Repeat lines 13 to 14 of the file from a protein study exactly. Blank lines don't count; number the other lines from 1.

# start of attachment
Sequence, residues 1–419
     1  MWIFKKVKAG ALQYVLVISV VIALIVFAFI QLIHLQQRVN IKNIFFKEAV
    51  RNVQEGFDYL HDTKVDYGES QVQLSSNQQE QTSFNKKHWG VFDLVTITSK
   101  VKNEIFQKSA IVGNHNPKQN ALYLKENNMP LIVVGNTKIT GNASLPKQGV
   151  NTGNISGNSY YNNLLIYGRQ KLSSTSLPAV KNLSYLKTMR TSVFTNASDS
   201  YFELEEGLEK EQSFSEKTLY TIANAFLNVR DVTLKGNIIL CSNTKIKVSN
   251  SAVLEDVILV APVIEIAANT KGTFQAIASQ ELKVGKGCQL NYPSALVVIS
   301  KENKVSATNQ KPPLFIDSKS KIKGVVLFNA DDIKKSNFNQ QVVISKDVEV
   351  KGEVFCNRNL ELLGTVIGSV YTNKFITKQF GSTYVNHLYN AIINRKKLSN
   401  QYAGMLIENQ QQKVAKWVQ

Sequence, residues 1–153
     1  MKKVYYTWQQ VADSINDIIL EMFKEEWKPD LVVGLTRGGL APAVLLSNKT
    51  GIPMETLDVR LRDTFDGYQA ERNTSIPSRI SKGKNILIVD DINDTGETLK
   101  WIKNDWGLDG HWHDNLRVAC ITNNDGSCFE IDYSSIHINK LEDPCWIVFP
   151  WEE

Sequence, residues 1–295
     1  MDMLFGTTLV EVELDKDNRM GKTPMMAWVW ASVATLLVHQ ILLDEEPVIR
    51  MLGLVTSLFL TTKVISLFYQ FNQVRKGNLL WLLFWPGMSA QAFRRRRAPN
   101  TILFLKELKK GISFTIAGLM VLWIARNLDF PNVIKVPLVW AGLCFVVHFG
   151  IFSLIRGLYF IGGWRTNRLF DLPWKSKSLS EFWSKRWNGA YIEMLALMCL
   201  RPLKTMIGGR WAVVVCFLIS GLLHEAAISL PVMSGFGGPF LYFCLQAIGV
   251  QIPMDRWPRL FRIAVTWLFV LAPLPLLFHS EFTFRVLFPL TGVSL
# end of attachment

    51  GIPMETLDVR LRDTFDGYQA ERNTSIPSRI SKGKNILIVD DINDTGETLK
   101  WIKNDWGLDG HWHDNLRVAC ITNNDGSCFE IDYSSIHINK LEDPCWIVFP